Initial Client Contact
You may decide not to open a file on a matter if the first contact is made by telephone because the caller may never become a client. However, you should maintain a general file for one-off calls and meetings and keep notes of those conversations. Maintain a separate contact sheet (to be attached to the inside left of the general file), listing the client’s name, date of contact and conflicts information about the opposing party (a sample is attached at Appendix A). If the caller becomes a client, you can move your notes from the general file to the client’s file. It is generally advisable to provide a letter or email to the caller or person with whom you have met, who does not retain you, to confirm the nature of the discussion, the advice given or not given, plus a clear statement that you are not that person’s lawyer until formally retained. Numbering your notes to match the client’s number on the contact sheet will let you retrieve notes from the general file quickly.
Following this practice will help you when the individual calls you back some time later and expects you to remember the telephone conversation. It also helps prevent conflicts in the event the individual’s spouse call you for advice.
If you are also a mediator, ensure that you also make a note of whether you were having a discussion with the client in your role as mediator or whether you were giving legal advice. Once you give legal advice, you are no longer neutral and cannot later act as a mediator.
Always be alert for clients who are depressed as they may agree to terms in a separation agreement that they will regret later.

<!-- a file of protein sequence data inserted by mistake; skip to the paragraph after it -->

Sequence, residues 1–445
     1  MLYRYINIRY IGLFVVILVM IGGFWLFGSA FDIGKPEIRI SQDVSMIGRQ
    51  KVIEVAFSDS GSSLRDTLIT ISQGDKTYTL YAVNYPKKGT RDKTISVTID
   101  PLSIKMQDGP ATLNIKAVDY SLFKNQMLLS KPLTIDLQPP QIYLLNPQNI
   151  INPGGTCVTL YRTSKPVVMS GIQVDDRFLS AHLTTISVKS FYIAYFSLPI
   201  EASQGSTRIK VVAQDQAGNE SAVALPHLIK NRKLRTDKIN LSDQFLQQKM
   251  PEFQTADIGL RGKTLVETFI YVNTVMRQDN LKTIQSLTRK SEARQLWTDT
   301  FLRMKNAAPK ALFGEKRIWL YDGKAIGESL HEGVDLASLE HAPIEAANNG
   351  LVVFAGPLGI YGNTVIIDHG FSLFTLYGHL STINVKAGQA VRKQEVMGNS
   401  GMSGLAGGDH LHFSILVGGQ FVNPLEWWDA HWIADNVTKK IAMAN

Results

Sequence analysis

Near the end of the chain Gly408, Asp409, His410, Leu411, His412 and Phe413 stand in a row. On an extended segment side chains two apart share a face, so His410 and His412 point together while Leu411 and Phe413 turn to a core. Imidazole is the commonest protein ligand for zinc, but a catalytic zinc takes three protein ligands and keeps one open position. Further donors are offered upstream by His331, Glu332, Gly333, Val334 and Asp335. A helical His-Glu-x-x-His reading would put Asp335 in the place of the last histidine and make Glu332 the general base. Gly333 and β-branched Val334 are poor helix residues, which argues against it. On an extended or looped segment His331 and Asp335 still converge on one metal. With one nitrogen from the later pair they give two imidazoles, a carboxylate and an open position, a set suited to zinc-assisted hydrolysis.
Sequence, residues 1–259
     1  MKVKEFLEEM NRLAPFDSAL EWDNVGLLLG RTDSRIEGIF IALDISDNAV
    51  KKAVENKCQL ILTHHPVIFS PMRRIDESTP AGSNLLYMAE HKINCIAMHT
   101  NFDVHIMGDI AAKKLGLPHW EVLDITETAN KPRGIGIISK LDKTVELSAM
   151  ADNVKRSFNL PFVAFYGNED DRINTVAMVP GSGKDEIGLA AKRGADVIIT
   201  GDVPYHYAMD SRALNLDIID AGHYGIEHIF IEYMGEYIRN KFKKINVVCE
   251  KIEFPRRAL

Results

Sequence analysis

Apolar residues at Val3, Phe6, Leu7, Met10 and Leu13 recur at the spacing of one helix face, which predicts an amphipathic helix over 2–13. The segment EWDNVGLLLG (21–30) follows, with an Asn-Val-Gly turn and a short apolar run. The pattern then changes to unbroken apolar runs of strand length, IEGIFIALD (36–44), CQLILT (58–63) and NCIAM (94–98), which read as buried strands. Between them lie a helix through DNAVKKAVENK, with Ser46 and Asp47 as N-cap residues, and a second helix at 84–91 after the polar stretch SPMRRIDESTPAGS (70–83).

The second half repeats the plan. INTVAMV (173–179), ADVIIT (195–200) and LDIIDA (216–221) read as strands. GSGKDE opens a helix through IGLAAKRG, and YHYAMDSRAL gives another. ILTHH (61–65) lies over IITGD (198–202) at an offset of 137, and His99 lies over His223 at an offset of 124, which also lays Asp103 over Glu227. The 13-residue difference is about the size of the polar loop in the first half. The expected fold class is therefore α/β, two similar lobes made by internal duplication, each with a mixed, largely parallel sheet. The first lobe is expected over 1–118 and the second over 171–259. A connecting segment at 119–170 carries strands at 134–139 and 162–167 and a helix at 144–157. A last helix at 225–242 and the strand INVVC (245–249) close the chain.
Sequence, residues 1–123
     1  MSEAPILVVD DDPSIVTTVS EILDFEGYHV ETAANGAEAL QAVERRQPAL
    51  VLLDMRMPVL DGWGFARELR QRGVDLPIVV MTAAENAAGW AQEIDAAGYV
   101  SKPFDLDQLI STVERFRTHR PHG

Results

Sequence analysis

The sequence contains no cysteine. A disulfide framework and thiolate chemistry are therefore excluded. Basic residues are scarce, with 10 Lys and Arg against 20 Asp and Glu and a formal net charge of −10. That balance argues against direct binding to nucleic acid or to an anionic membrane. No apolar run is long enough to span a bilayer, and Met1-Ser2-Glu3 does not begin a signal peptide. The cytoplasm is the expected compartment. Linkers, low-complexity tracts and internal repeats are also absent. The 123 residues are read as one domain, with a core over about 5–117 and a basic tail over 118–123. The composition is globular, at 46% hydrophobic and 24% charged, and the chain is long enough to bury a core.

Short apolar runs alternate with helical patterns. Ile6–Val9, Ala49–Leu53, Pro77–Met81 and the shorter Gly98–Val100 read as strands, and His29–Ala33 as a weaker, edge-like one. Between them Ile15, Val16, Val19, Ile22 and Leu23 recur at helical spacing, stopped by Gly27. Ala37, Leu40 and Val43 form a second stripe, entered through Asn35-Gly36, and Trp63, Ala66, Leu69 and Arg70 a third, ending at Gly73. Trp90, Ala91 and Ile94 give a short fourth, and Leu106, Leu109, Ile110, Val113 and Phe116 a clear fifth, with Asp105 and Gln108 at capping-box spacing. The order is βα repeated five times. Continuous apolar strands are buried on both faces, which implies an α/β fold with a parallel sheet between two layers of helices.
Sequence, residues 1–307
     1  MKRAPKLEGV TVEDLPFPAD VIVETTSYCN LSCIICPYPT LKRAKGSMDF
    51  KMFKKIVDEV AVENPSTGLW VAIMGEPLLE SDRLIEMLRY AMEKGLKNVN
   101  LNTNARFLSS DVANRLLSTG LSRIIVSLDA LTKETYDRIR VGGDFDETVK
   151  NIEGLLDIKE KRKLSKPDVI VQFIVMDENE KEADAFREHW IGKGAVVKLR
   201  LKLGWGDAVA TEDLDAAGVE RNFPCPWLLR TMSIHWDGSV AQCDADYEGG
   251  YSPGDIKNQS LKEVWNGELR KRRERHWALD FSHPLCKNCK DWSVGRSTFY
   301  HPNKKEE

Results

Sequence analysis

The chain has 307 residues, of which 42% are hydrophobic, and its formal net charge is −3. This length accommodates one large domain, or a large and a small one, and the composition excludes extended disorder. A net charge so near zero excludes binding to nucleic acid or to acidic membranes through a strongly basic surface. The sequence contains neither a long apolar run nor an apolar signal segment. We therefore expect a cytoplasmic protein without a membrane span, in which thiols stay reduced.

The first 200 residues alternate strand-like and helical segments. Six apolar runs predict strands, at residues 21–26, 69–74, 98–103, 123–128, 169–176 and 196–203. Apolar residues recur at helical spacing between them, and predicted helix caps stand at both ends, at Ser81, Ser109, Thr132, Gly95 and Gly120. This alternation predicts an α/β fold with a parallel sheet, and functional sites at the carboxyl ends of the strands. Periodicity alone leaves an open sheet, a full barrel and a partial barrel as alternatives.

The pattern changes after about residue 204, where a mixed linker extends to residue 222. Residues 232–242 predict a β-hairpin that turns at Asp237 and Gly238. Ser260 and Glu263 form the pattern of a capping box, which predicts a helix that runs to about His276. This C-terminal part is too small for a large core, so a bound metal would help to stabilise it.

The First Meeting
The first meeting with a family law client will have many important aspects, not the least of which is ascertaining your client’s mental competency. Never agree to represent a client who appears to be mentally incompetent without having that issue addressed by a mental health practitioner. If the client is in fact incompetent, he or she may be unable to give you instructions and a litigation guardian may have to be appointed. Do not underestimate the importance of this issue.
Discuss your fees before the first meeting. Some clients expect to obtain the first consultation without charge. If you do provide free consultations, set out the limits of that consultation at the outset. If you charge for the first meeting, be clear about your hourly rate and that the client will be charged for your time at the first meeting.
The Family Law Act, at s. 8, requires lawyers to screen for family violence and then based on that screening, to advise clients as to the advisability of various methods of dispute resolution. You must ensure that you are familiar with the various methods of dispute resolution and you have an obligation to explain those methods to your client.
It is useful to use a checklist to ensure you have covered the following issues:
- the existence of previous agreements and previous orders;
- the presence of jurisdictional issues which may impact on the jurisdiction of British Columbia courts;
- any limitation periods, especially those on the cusp of expiry;
- the need to involve third parties in any litigation; and
- the presence of family violence.
Most first meetings will cover these issues:
- child custody, residence, and access (under the Divorce Act);
- parenting time, guardianship, and contact to children (under the Family Law Act)
- child support and spousal support;
- division of property and debt, for married and unmarried spouses;
- divorce, for married couples; and
- the means of resolving the client’s legal issues, including negotiation, mediation, collaborative processes, arbitration and litigation.
Using a standard questionnaire will help you be confident and comfortable when meeting a new client.